CITY OF SAN FERNANDO—Illegal cigarettes are either smuggled into the country or domestically sourced, but with the discovery of illegal cigarette factories in Pampanga and Pangasinan recently, illegal cigarettes are now made and packed clandestinely in big operations run by foreign nationals.
Illegal cigarettes deprive government of revenue and are hurting the country’s legitimate tobacco industry. This recent development poses a serious concern for government and the tobacco industry sector and an urgent realization for the need to further efforts against illegal cigarette trade.
There is no current data on the number of illegal cigarettes clandestinely produced by syndicates in the country. There is, however, data on illicit domestic cigarette consumption. The “Asia-11 Illicit Tobacco Indicator” study showed that the consumption of domestic illicit cigarettes nearly tripled to 17.1 billion in 2013 alone. This is a big leap from only 6.1 billion in 2012.
Even the Oxford Economics and International Tax and Investment Center said that the potential revenue loss for government from illegal cigarettes was at P15.6 billion in 2013.
Illicit cigarettes are domestically produced cigarettes; illegally sold and consumed without paying applicable taxes depriving government of revenue and run in competition with legal, taxed cigarettes in the market. Smuggled cigarettes on the other hand are produced from international sources and shipped to the Philippines or vice versa.
The Oxford Economics and International Tax and Investment Center also said that tax losses in 2013 alone from illicit cigarettes was at 497 percent and went to P15.6 billion from P2.6 billion in 2012.
In 2015, Oxford Economics senior economist Oliver Salmon said that significant price increases over the last few years have led to the erosion of the legal market for cigarettes, with the illicit trade filling the gap.
The country’s total legal cigarette consumption is currently at 80.4 percent. This only accounts to an estimate of 82.3 billion cigarettes.
Big players in the cigarette manufacturing business have also joined in efforts to curtail illicit cigarette consumption. This as most of their popular cigarette brands are often the victims of counterfeiting.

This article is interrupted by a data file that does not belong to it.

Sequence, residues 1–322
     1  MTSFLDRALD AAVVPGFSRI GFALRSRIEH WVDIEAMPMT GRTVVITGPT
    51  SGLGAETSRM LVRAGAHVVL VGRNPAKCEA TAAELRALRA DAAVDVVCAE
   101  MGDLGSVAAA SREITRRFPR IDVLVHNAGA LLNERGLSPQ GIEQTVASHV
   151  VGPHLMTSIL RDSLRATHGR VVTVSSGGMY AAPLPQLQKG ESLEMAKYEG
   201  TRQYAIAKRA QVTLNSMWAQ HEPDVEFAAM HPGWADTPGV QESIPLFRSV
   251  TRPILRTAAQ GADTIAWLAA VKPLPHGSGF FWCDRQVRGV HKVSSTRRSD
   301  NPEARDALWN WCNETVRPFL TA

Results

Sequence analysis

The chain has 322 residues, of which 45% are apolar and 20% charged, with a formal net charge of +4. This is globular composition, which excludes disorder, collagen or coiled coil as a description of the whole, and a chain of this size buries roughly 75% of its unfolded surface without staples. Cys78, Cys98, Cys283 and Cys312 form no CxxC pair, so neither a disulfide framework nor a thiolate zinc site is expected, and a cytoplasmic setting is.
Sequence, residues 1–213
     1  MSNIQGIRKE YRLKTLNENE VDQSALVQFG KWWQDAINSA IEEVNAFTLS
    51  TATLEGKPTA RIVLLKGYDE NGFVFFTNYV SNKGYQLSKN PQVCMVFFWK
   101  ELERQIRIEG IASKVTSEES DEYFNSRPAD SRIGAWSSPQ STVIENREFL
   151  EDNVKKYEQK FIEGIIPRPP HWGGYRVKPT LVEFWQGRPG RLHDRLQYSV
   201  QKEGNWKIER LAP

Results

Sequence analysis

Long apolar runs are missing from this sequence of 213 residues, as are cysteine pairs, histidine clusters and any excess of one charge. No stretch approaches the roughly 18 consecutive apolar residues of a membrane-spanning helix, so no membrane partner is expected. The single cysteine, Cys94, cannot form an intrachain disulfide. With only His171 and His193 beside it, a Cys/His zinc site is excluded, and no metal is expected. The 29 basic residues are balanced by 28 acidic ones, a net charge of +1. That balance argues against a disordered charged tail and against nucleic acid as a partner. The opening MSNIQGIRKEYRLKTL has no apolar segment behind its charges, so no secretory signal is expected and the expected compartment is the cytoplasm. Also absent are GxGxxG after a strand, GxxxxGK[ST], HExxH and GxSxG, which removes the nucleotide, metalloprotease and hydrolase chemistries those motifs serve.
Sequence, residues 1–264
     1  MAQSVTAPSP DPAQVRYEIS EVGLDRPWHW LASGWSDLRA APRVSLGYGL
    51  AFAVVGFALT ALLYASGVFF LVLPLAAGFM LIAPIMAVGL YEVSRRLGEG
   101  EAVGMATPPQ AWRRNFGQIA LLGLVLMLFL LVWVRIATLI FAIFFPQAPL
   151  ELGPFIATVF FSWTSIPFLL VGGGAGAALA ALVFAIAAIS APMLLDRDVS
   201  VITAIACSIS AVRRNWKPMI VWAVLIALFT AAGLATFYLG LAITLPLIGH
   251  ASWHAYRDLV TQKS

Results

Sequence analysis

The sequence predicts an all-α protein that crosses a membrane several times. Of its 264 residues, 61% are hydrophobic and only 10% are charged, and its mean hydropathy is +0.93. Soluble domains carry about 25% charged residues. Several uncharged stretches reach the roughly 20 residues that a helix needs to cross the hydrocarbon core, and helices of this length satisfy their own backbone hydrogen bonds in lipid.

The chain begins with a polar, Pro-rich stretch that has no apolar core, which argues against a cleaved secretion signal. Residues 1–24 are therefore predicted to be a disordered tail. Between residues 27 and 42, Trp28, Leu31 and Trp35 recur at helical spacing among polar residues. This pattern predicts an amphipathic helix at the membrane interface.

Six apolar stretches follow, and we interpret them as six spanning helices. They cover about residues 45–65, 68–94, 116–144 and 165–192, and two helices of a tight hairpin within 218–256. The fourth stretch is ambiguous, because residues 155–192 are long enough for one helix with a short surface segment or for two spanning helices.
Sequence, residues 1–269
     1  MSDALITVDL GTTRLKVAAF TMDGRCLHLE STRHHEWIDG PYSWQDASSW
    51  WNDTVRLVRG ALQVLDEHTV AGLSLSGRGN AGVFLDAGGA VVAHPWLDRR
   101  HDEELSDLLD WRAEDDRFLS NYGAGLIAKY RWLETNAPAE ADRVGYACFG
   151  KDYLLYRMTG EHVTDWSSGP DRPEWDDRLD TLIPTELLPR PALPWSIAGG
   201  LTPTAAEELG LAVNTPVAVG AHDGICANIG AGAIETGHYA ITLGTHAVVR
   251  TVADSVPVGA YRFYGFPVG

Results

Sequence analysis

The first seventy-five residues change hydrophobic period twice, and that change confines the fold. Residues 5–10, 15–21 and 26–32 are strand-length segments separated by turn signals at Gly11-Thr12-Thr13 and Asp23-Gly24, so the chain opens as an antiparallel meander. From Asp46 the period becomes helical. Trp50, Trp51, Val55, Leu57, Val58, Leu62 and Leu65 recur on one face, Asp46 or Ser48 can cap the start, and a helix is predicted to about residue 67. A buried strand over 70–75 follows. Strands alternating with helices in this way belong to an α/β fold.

The Department of Finance reported that over fake cigarettes worth P1 billion, fake tax stamps worth approximately P175 million in taxes, along with raw materials, machines for cigarette manufacturing and other paraphernalia were seized by authorities in separate raids in Pangasinan, Pampanga and Bulacan.
The Pangasinan raid was the biggest. Officials discovered four warehouses found to be counterfeiting popular cigarette brands in Villasis, Pangasinan which led to the seizure of various materials for cigarette manufacturing and the arrest of 24 undocumented foreign nationals.
In Pampanga, a facility was found counterfeiting popular cigarette brands. Officials seized “5.5 million pieces of fake unused cigarette strip stamps worth approximately P175-million in excise taxes and VAT (value added tax).”
The Pampanga facility was reported to produce some 200,000 packs of cigarettes per day.
Just this October, P7.5 million worth of counterfeit popular cigarette brands were confiscated by customs officials in two warehouses in Cagayan de Oro City, one of the biggest confiscation of counterfeit cigarettes outside of the country’s custom ports. Officials confiscated hundreds of boxes of cigarettes brands, including Marlboro, Lucky Strike, Winstons, and Camel.
Just this year, there have been a dozen operations against illegal cigarettes resulting in arrests of vendors and distributors in Cabanatuan City in Nueva Ecija, Santa Cruz in Manial, Guguinto, Bulacan and as far as Zamboanga City, Cebu and even Tacloban.
Those arrested were charged for violating Section 155 in relation to Section 170 of Republic Act 8293, otherwise known as the Intellectual Property Code of the Philippines.
They could also be held for violating Republic Act 7394, or the Consumer Protection Act, and the National Internal Revenue Code, with penalties ranging from one year to 12 years imprisonment and a fine of up to P200,000 or both.
No BIR stamp, No Sale
Last October 1, 2014, the BIR Revenue Memorandum Circular 72-2014 required all locally manufactured cigarette packets to bear tax stamps. Imported cigarettes were required to have the same stamps in 2015.
The BIR said that this allows government authorities to secure the distribution of cigarettes and also prevent and reduce illicit trade. It is, therefore, illegal for storeowners to sell unstamped cigarette packs.
The sale of cigarettes without necessary stamps is therefore considered illicit and opens criminal persecution against the individuals behind the sale and processing of such cigarettes.
Despite of this, illegal cigarette production continuous to be a problem as seen in different raids of clandestine facilities producing illegal cigarettes and the continuous sale of illegal cigarettes.
Unless government comes up with more concrete steps reduce the sale of illegal cigarettes considerable, illicit cigarette trade will continue to be deteriorating factor in the community as it reduces tax revenue intended for the national government and harms legitimate businesses of law-abiding tobacco manufacturers. As of press time, fake cigarettes remain a big challenge to the country’s billion peso cigarette industry.